Pain cut through the morning silence. My back ached and my left leg was lit up like a live wire. Breathing was difficult: moving, impossible. I knew immediately that I had inherited the family curse—I had herniated a disc in my lumbar spine.
It took three days before I could get off the floor and into the doctor’s office. Though my mobility had mostly returned, the pain was constant and numbness in my left foot made my gait unsteady. I was familiar with these symptoms because my mother had three discs removed from her spine in the eighties. I had watched her downward spiral for the two years prior to the surgeries and her slow post-operative recovery. This was not a future I looked forward to.
The doctor sent me for an MRI, which returned questionable results. A minor protrusion seemed present at L5/S1, but it was unclear whether the disc was pressing on the left nerve root. The doctor suggested a cortisone shot and a check up in six months. No one was mentioning surgery, but the specter of my mother’s experiences loomed large. I was only 20 and not ready for the kind of consequences she faced: arthritis, further surgeries, immobility and chronic pain.
I scheduled the shot and prayed. I hurt so much that I couldn’t carry my textbooks to and from class. Sitting was agonizing. During lectures, I would either stand in the back of the classroom or lay on the floor when I became too exhausted. I couldn’t move much, save for the hour a day I would spend swimming laps in the college pool. I was told not to do this—the side-to-side motion of the crawl would cause further injury—but I couldn’t bear the stasis. I was simultaneously fit and disabled—a very strange place to be.
Sadly, the cortisone shot offered no relief. I went back to the doctor after six months and surveyed my options. He told me I was a likely candidate for surgery. I asked if I could try physical therapy and he reluctantly gave me a prescription. The sessions consisted of electro-stimulation, followed by traction, and a few take-home exercises. Afterward, I would feel briefly elongated and then descend into ever-more intense pain. I went religiously three times a week for three months before giving up. My chart read: “Patient enthusiastic. Progress, minimal.”
At the nine-month mark, I haunted the library stacks in search of information. Statistics abounded regarding the poor success rate of back surgery. Patients who had had surgery fared much the same as patients who waited a year with no treatment. At my age, the wait-and-see approach was the obvious choice, but I was having a hard time holding it together. Without the aid and support from friends, I don’t think I could have survived.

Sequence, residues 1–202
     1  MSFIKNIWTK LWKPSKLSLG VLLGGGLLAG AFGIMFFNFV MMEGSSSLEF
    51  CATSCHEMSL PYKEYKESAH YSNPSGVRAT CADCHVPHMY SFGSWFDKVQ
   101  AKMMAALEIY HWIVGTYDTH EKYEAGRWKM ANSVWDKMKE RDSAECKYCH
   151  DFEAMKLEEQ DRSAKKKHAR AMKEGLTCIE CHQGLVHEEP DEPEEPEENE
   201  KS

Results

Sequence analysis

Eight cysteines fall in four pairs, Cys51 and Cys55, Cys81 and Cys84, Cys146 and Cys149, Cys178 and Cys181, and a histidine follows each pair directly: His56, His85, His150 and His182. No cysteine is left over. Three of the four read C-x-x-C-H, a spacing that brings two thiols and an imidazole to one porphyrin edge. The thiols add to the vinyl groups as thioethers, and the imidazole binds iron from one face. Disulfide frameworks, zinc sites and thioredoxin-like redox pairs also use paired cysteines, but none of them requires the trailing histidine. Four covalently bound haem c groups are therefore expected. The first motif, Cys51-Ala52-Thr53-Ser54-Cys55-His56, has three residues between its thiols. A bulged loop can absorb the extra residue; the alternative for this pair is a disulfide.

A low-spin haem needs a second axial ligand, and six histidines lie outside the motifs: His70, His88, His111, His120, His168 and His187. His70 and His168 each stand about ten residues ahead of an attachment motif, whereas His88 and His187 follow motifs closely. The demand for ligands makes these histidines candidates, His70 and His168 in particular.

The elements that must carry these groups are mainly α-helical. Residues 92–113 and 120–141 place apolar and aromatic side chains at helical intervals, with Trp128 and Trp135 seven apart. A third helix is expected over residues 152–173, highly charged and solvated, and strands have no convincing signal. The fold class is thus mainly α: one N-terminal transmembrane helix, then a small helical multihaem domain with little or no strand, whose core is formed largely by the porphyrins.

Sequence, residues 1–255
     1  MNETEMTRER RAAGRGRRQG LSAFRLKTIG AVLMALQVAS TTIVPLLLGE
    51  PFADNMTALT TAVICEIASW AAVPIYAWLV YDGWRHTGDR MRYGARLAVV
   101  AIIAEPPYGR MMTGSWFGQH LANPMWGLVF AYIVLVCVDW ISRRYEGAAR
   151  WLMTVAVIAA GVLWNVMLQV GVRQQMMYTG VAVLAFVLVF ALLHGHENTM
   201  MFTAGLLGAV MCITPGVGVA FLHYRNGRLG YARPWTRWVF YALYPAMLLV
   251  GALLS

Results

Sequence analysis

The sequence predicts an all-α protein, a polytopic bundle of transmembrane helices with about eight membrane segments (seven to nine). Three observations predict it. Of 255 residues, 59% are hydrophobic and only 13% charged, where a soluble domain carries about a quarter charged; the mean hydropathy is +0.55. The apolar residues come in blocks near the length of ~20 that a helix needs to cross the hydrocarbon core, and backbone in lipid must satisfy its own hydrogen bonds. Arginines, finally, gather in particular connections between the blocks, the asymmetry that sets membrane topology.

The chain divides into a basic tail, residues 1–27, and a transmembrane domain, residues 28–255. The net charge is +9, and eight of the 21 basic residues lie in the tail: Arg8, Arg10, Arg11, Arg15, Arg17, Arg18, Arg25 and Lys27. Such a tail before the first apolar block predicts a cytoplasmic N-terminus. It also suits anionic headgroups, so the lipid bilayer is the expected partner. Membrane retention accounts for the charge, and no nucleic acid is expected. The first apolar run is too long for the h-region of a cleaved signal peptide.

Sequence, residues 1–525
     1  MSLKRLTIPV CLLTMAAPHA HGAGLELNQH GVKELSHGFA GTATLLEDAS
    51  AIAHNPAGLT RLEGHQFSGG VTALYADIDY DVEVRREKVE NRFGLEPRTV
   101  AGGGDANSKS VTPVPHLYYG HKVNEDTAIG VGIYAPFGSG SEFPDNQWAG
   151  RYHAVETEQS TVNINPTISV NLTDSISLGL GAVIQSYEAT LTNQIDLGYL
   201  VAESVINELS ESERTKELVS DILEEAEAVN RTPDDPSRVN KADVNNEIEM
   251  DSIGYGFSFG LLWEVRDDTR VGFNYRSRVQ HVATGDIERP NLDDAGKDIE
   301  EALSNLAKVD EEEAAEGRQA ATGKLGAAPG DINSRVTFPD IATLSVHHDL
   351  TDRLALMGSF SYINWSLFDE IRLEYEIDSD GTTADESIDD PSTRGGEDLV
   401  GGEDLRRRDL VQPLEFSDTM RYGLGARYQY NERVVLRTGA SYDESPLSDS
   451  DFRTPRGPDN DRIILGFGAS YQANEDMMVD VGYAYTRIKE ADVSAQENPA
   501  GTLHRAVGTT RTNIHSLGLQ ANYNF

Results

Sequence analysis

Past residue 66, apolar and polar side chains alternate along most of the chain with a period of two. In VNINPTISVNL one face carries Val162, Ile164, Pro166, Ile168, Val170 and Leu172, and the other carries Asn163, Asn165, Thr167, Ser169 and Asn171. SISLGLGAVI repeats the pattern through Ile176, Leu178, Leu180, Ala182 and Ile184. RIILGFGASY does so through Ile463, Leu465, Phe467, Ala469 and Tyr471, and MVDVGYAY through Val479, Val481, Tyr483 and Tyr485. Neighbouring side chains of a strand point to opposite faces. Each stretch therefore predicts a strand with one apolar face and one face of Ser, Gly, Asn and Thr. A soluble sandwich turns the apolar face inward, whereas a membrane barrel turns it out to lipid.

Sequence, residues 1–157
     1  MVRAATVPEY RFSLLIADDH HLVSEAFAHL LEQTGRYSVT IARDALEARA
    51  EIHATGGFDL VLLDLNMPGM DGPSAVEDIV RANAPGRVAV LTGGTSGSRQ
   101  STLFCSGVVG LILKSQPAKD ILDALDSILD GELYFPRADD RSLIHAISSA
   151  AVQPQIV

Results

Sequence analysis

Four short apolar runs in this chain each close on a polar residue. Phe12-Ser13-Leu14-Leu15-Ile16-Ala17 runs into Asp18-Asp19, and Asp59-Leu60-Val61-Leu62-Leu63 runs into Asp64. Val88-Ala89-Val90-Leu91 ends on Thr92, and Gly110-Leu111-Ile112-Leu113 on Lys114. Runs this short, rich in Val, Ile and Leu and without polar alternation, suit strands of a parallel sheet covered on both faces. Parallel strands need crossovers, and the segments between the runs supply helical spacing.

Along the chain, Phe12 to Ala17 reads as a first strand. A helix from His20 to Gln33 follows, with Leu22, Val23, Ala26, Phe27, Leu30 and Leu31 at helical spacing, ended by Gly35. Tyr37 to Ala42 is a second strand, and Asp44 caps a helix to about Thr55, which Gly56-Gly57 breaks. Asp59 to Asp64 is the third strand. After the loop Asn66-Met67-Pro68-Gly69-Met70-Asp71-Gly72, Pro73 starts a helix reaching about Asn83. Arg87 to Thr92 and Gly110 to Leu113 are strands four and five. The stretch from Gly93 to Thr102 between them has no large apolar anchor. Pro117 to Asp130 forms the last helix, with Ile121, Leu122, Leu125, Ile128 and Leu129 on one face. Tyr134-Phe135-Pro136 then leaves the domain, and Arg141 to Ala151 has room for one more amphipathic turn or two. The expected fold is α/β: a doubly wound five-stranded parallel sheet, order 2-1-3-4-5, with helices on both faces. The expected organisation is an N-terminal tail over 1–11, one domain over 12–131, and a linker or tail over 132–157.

During my investigation, I came across Joseph Pilates’ original mat series. Pilates was very much a part of the modern dance community, but was not widely known in other circles. After my first attempt at the exercises, I suffered a serious setback. Even though I had always been an active person, I wasn’t very core-connected. I didn’t understand how to use the triumvirate of musculature—the deep abdominal muscles, pelvic floor, and paraspinal muscles—required to stabilize my spine. My low back took over and I strained it as soon as I attempt to perform the hundreds.
I was lucky that I had friends in the dance community who directed me to an instructor with expertise and compassion. I first studied with a dancer and teacher who had extensive experience in Pilates and Body-Mind Centering. Her approach was rehabilitative and focused on helping me stabilize my spine. Cathie Caraker was a caring instructor who encouraged me to keep moving and exploring my relationship to my body. She offered far more than Pilates—she offered movement education, which helped forge a connection with my body that would serve me through many physical passions. Within three months, I was pain free.
It was years later that I decided to become a Pilates and Yoga instructor. The “cure” that I found as a young person morphed into a deep-rooted curiosity about the process of physical transformation. During my back pain episode, friends and family were crucial support systems, but the healing journey was ultimately my own. Pain, in the broadest sense, was an indicator that something needed to shift in my body, mind, and spirit to make way for a deeper understanding and appreciation of life. I had to face my fears and take on new ways of treating my body so that it could repair itself and stay well.
With back-pain clients, I am acutely aware of the distress that comes from living life in constant suffering. I see my role in the process as part inspiration, part expert, and part witness. My work focuses on identifying clients’ pain patterns, strengthening the core and deep spinal stabilizers, and improving whole-body functional movement. My mantra is awareness—when we perceive what is going on in the body, we can relax into our strength. We not only get longer, leaner, and more supple, we begin to move with intelligence. I have seen many clients shift from disability to athletic ability in a few short months.
I encourage anyone in this situation to reach out for help. Pilates and yoga have kept me active and free for many years. They can do the same for you.